“A tragic love story [and] a powerful account of historical injustice.” Publishers Weekly

Franco-Mauritian author Caroline Laurent’s latest novel An Impossible Return is an epic love story set against the shocking injustice of the Mauritian government’s deal with Britain for independence – which resulted in the wholesale evacuation of the Chagos Islands to enable the US to set up a strategic military base on Diego Garcia. When independent, passionate Marie is drawn to dashing new arrival Gabriel, she has no idea he is party to the independence negotiations. Can their burgeoning romance survive this betrayal…?

Where are you now? 

In the very south of New Zealand, in the fantastic Fjordlands, living as a wild girl in the bush!

Where and when do you do most of your writing? 

At home, in Paris, during the night.

If you have one, what is your pre-writing ritual?

I have none.

Full-time or part-time? 

It depends on what I have to do, but when possible, full-time.

Pen or keyboard? 

Keyboard… But pen and notebook before, just to keep my ideas fresh and alive.

How do you relax when you’re writing?

I walk…

How would you pitch your latest book in up to 25 words?

It’s an autobiography beginning in darkness that goes towards a blinding light.

Who do you write for? 

I don’t know! Probably for myself, but also for people who are not considered by society, people that nobody listens to.

Who do you share your work in progress with? 

I share my work in progress with nobody, except with my own anxiety!

Which literary character do you wish you created? 

Alice in Wonderland?

Share with us your favourite line/s of dialogue, poetry or prose. 

To make a prairie it takes a clover and one bee, 
One clover, and a bee.
And revery. 
The revery alone will do, 
If bees are few.
Emily Dickinson

Which book do you wish you’d written?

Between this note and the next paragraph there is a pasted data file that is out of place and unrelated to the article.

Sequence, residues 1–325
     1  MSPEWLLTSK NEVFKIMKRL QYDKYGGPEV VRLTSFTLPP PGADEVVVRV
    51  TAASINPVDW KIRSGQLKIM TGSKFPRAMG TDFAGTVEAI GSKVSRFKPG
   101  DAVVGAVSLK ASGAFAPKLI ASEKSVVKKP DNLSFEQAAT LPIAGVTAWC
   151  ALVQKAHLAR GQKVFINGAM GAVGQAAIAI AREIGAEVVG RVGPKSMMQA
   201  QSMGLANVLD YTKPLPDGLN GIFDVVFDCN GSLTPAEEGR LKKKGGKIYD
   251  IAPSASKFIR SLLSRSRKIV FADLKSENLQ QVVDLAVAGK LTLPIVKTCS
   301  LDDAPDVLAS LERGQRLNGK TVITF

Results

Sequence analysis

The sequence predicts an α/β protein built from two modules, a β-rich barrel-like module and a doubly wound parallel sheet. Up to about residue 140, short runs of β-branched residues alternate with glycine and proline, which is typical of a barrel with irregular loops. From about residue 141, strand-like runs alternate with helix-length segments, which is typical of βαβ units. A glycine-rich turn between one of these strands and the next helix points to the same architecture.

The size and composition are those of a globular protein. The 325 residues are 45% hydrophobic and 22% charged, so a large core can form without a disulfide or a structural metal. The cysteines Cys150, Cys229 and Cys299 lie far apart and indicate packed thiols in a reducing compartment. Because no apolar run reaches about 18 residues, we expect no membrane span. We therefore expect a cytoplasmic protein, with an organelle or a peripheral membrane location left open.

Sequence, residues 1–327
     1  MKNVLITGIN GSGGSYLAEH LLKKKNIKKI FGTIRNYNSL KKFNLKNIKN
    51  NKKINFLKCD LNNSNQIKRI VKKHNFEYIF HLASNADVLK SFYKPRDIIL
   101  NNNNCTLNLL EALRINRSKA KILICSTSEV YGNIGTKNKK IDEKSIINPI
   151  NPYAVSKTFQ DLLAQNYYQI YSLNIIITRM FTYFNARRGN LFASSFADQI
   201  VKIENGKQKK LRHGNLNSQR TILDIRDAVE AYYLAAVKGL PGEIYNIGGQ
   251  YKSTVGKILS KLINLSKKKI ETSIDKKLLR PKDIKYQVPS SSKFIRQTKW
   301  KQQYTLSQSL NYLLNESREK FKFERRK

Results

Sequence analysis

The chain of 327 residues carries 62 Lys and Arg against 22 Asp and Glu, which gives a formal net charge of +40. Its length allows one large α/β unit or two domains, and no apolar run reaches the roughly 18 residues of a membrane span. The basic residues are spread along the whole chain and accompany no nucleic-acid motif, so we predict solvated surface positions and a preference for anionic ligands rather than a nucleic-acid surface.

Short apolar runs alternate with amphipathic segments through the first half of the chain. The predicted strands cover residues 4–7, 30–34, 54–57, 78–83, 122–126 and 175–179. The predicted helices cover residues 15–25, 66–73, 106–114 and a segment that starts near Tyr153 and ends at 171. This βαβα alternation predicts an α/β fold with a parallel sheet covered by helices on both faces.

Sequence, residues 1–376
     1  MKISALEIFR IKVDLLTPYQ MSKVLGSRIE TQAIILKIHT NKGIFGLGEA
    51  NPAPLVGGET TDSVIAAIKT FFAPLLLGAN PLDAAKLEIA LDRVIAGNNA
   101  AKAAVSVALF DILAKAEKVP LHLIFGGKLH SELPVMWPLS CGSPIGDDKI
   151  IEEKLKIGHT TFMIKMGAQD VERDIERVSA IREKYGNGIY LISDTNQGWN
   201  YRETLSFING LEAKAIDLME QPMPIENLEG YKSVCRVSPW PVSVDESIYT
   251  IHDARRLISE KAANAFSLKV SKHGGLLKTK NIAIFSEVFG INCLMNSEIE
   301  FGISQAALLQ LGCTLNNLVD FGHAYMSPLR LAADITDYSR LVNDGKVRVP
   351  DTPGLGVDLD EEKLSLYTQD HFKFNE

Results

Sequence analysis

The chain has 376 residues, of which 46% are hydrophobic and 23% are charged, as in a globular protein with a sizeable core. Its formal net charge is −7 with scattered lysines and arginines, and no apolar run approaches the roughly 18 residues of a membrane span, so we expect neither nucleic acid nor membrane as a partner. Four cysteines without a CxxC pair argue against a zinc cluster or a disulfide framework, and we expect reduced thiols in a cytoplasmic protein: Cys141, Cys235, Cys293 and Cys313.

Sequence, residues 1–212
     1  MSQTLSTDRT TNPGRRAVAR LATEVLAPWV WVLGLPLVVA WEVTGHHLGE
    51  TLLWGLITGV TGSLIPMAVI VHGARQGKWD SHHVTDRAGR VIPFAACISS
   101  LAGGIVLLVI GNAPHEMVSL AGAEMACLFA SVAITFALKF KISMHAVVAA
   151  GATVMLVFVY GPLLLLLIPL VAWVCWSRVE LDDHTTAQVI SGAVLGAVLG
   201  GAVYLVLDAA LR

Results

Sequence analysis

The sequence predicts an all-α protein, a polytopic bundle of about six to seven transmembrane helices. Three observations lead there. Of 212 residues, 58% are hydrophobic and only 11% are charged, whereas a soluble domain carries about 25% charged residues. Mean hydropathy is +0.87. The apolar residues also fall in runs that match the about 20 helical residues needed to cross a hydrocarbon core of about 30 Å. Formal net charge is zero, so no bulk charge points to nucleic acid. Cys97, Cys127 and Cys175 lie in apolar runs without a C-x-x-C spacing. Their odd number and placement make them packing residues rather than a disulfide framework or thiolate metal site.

À la recherche du temps perdu by Marcel Proust.

Which book/s have you most recently read and enjoyed? 

Deborah Levy’s The Cost of Living. A wonderful book.

What’s on your bedside table or e-reader? 

Katherine Mansfield’s Journal.

Which books do you feel you ought to have read but haven’t yet? 

War and Peace by Leo Tolstoy.

Which book/s do you treasure the most? 

All those that I keep in my personal library. I don’t keep the others.

What is the last work you read in translation? 

Virginia Woolf’s A Writer’s Diary.

Which story collections would you particularly recommend? 

All those written by Raymond Carver.

What will you read next? 

Women in Love by D.H. Lawrence.

What are you working on next? 

My next novel, which will deal with New Zealand…

Imagine you’re the host of a literary supper, who would your dinner guests be (living or dead, real or fictional)?  

Anaïs Nin, Flaubert, Don Quixote, Rimbaud and Marguerite Duras. Oh gosh!

If you weren’t writing you’d be…? 

What I also am: an editor.

If you were the last person on Earth, what would you write? 

Probably nothing: you don’t write if you are sure to have no readers…

How can we make peace with our planet? 

Maybe if we continue to see its beauty… But it’s a very demanding question.

Caroline Laurent is the bestselling Franco-Mauritian author of Rivage de la colère, winner of the Prix Maison de la Presse 2020, the Prix Louis-Guilloux 2020, and the Prix du Salon du Livre du Mans 2020, and now published in English as An Impossible Return. She also co-wrote, with Évelyne Pisier, Et soudain, la liberté (And Suddenly, Freedom), which won the Grand Prix des Lycéennes de ELLE. An Impossible Return, translated by Jeffrey Zuckerman, is published by Amazon Crossing in hardback and paperback, and also available in Kindle and Audible editions.
Read more

Author portrait © Philippe Matsas

Jeffrey Zuckerman has translated many French works into English, including books by the artists Jean-Michel Basquiat and the Dardenne brothers; Jean Genet and Hervé Guibert; and the Mauritian novelists Ananda Devi, Shenaz Patel and Carl de Souza. A graduate of Yale University, he has been a finalist for the TA First Translation Prize, the French-American Foundation Translation Prize and the PEN Translation Prize, and has been awarded a PEN/Heim Translation Fund Grant and the French Voices Grand Prize. In 2020 he was named a Chevalier in the Ordre des Arts et des Lettres by the French government.

Read an extract from An Impossible Return